19. Vocabulary (page 2) 1. “He knew all about the Water Sheds of all the world (whatever they are), and all the histories of all the peoples…” • OED definition- “The line separating the waters flowing into different rivers or river basins,” first used in the 19th century • Not an everyday, conversational word- introduced through science --------------------------------------------------------- 2. “You learnt a great deal, Louisa, and so did your brother. Ologies of all kinds from morning to night. If there is any Ology left, of any description, that has not been worn to rags in this house, all I can say is, I hope I shall never hear its name.” (Ch. 9) • OED definition- “An academic discipline or field of knowledge; esp. one of the physical, biological, or social sciences” • Introduced by Edward Nares in 1811 • Existed before 19th century as a suffix, but never as a noun by itself

  20. So, Mr. M'Choakumchild began in his best manner. He and some one hundred and forty other schoolmasters, had been lately turned at the same time, in the same factory, on the same principles, like so many pianoforte legs. He had been put through an immense variety of paces, and had answered volumes of head-breaking questions. Orthography, etymology, syntax, and prosody, biography, astronomy, geography, and general cosmography, the sciences of compound proportion, algebra, land-surveying and levelling, vocal music, and drawing from models, were all at the ends of his ten chilled fingers. He had worked his stony way into Her Majesty's most Honourable Privy Council's Schedule B, and had taken the bloom off the higher branches of mathematics and physical science, French, German, Latin, and Greek. He knew all about all the Water Sheds of all the world (whatever they are), and all the histories of all the peoples, and all the names of all the rivers and mountains, and all the productions, manners, and customs of all the countries, and all their boundaries and bearings on the two and thirty points of the compass. Ah, rather overdone, M'Choakumchild. If he had only learnt a little less, how infinitely better he might have taught much more! (From Ch 2)

  21. Grammar • “Ah, rather overdone” • ‘Rather’ is rather out-dated • Generally, modern British English uses all adverbs of degree pretty/rather/quite, whereas modern American English most often uses pretty, and uses quite mainly in the negative. • “Learnt a little less” • Some verbs can have either –ed or –t ending in the past tense • Modern British English uses either ending, whereas in modern American English, the irregular form (-t) is less usual. • “If he had only learnt a little less, how infinitely better he might have taught much more!” • Confusing word order and use of verbs • Verbs- Conditional + passive modal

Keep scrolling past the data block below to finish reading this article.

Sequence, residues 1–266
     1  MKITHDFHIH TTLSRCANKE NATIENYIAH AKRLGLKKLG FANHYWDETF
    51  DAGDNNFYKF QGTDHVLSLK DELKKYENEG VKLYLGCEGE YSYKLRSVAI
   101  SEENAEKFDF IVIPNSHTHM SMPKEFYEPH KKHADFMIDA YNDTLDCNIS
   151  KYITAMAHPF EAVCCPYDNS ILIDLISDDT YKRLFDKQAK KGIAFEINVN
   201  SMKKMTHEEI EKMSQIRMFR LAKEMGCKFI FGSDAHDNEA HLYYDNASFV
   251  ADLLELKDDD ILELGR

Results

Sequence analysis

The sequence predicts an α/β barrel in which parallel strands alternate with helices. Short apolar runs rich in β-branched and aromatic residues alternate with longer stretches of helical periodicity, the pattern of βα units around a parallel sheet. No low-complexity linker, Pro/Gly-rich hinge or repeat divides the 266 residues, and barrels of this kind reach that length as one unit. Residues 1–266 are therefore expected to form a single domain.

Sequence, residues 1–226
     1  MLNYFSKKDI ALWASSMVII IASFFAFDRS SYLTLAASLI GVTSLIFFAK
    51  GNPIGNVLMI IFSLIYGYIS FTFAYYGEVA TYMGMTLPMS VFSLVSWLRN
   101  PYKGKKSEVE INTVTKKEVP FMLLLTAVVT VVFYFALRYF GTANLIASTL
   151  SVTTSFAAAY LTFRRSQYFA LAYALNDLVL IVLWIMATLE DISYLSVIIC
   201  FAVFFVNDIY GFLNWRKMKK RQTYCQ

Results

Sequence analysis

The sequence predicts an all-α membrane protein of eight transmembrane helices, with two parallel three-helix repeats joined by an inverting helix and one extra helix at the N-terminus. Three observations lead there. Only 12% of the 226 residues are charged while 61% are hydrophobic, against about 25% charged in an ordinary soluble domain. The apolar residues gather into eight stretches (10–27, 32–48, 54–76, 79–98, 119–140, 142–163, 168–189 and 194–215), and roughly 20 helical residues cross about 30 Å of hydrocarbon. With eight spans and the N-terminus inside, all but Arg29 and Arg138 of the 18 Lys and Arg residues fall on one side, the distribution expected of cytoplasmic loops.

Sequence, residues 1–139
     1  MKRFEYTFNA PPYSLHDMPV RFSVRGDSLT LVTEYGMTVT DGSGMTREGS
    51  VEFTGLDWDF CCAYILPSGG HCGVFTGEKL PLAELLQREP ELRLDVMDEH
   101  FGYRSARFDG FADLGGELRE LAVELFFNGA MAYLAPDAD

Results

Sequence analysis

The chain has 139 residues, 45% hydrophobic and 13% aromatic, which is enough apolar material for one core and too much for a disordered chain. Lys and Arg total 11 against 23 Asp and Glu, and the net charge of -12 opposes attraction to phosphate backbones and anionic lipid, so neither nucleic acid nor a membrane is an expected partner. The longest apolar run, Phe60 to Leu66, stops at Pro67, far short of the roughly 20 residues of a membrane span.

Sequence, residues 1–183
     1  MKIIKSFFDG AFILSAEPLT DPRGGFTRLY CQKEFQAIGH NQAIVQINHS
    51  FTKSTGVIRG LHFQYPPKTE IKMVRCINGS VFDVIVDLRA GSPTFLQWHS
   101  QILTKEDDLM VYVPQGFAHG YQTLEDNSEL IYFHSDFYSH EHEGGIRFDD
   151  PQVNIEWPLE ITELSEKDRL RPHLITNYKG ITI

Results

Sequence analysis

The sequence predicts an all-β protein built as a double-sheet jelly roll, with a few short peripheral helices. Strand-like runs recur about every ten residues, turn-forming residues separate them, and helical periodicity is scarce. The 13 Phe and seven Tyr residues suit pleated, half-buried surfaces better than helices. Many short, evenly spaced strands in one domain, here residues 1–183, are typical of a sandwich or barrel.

22. Grammar (Page 2) • “Orthography, etymology, syntax, and prosody, biography, astronomy, geography, and general cosmography, the sciences of compound proportion, algebra, land-surveying and levelling, vocal music, and drawing from models, were all at the ends of his ten chilled fingers.” • “He knew all about all the Water Sheds of all the world (whatever they are), and all the histories of all the peoples, and all the names of all the rivers and mountains, and all the productions, manners, and customs of all the countries, and all their boundaries and bearings on the two and thirty points of the compass.” RUN-ON SENTENCES! “One of the striking features of 19th-century syntax is the use of long involved sentences… The well-constructed period, illustrating the writer’s logical arguments and ordered scholarly discourse, was one of the achievements of 18th century prose.”(Manfred Gorlach, English in Nineteenth Century England, Pg 88)

  23. So, Mr. M'Choakumchild began in his best manner. He and some one hundred and forty other schoolmasters, had been lately turned at the same time, in the same factory, on the same principles, like so many pianoforte legs. He had been put through an immense variety of paces, and had answered volumes of head-breaking questions. Orthography, etymology, syntax, and prosody, biography, astronomy, geography, and general cosmography, the sciences of compound proportion, algebra, land-surveying and levelling, vocal music, and drawing from models, were all at the ends of his ten chilled fingers. He had worked his stony way into Her Majesty's most Honourable Privy Council's Schedule B, and had taken the bloom off the higher branches of mathematics and physical science, French, German, Latin, and Greek. He knew all about all the Water Sheds of all the world (whatever they are), and all the histories of all the peoples, and all the names of all the rivers and mountains, and all the productions, manners, and customs of all the countries, and all their boundaries and bearings on the two and thirty points of the compass. Ah, rather overdone, M'Choakumchild. If he had only learnt a little less, how infinitely better he might have taught much more! (From Ch. 2)

  24. “He had worked his stony way into Her Majesty's most Honourable Privy Council's Schedule B” “land-surveying” “levelling” “Honourable” “Water Sheds” Capitalization & Spelling